Visions of Zambia: Free portrait exhibition celebrates Orbis work

February 2018

To help raise awareness of childhood blindness, figurative artist Tim Benson has collaborated with Orbis to help share the stories of children and adults in Zambia with eye conditions such as cataracts and squints through painted portraits.

As inspiration for his artwork, the Vice President of the Royal Institute of Oil Painters spent one week in Zambia, travelling to Kitwe Hospital Eye Annexe to meet many of the children who had sight-saving surgery and the health staff trained by Orbis medical volunteers.

The oil paintings from his trip are due to be showcased and on sale in the Mall Galleries 12-17 March 2018, with profits funding our life-changing projects. Admission to the exhibition is free and paintings from the catalogue are on sale now, [email protected] or +44 (0) 207 608 7279.

Visit the Visions of Zambia exhibition

Zambia is one of the poorest countries in the world; approximately 78% of its rural population lives in poverty. Of these, an estimated 245,440 people are blind and visually impaired.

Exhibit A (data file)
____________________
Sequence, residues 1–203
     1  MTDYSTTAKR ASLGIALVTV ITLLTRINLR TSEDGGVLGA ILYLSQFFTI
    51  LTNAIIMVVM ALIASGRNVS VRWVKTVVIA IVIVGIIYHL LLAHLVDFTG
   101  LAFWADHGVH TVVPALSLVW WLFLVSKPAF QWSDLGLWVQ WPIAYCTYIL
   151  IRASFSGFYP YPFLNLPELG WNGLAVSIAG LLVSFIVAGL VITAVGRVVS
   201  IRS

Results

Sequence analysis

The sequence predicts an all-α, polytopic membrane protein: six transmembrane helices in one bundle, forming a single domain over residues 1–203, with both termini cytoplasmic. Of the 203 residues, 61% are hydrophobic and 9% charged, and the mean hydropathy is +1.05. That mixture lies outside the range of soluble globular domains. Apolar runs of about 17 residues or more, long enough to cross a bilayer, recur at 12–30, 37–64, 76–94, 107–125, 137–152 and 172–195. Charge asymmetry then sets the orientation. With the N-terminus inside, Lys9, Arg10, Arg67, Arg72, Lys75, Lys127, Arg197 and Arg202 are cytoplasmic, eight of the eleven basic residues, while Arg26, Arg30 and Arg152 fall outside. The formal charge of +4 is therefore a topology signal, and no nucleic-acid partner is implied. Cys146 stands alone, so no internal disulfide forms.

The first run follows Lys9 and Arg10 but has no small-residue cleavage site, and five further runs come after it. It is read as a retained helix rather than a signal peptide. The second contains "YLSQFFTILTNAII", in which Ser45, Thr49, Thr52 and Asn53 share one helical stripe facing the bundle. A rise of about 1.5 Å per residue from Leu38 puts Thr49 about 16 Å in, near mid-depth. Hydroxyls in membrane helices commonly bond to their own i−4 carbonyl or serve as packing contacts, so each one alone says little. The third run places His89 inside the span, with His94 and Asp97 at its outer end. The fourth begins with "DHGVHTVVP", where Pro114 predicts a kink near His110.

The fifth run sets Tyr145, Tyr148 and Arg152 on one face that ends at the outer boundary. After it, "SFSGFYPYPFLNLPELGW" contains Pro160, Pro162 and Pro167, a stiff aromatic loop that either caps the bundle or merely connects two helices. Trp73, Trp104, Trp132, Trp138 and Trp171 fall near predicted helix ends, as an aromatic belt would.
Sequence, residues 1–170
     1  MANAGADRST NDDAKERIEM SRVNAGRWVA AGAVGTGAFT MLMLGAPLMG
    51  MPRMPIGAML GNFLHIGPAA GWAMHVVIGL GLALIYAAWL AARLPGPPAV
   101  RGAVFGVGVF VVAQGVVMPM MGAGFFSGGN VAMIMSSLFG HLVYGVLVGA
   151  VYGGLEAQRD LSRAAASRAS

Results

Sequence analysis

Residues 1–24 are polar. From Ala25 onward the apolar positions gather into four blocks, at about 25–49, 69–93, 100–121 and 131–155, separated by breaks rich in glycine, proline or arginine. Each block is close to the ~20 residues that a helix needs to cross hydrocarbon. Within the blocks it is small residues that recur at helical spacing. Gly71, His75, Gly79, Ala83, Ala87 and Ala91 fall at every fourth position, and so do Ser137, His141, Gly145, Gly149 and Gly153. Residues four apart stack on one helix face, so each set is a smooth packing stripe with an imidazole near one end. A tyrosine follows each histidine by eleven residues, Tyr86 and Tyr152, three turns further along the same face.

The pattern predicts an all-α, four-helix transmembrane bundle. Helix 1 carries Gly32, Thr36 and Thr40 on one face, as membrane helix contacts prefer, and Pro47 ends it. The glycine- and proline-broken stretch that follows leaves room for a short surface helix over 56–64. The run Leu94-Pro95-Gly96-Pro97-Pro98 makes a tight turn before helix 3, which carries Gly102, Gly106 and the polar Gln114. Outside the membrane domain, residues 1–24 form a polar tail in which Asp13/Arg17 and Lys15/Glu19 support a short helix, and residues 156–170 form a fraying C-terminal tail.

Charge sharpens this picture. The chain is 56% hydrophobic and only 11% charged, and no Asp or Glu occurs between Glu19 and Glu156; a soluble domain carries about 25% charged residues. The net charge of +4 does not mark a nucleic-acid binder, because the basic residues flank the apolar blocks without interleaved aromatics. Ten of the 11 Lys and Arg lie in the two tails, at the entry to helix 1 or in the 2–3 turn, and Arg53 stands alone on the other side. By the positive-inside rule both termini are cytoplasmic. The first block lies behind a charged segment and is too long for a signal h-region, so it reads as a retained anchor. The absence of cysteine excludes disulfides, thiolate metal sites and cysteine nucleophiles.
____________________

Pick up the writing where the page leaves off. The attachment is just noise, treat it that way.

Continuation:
The WHO estimates there are approximately 1.4 million blind children worldwide, and that three-quarters of the world’s blind children live in low and middle-income countries.

With under 30 ophthalmologists in the whole of Zambia for a population of 17 million, (compared to over 3000 in the UK), there is a severe shortage of eye health professionals in the country. Child eye health workers are even more scarce - a factor in why children in Zambia are four times more likely to go blind than children in developed countries.

Hearing about the vital need in Zambia, Tim was inspired to help us tell the stories of the patients, families and traditional healers through his artistic talent.

Specialised paediatric services were virtually non-existent before we established Zambia’s first and only children’s eye care centre in 2011 at Kitwe Eye Annexe in the Copperbelt Province.

A big thank you to Tim for collaborating with us and helping to spread the word about childhood blindness across the world. 

EVERY MINUTE A CHILD WAITS FOR TREATMENT MEANS THEY ARE MORE LIKELY TO BE BLIND FOR LIFE

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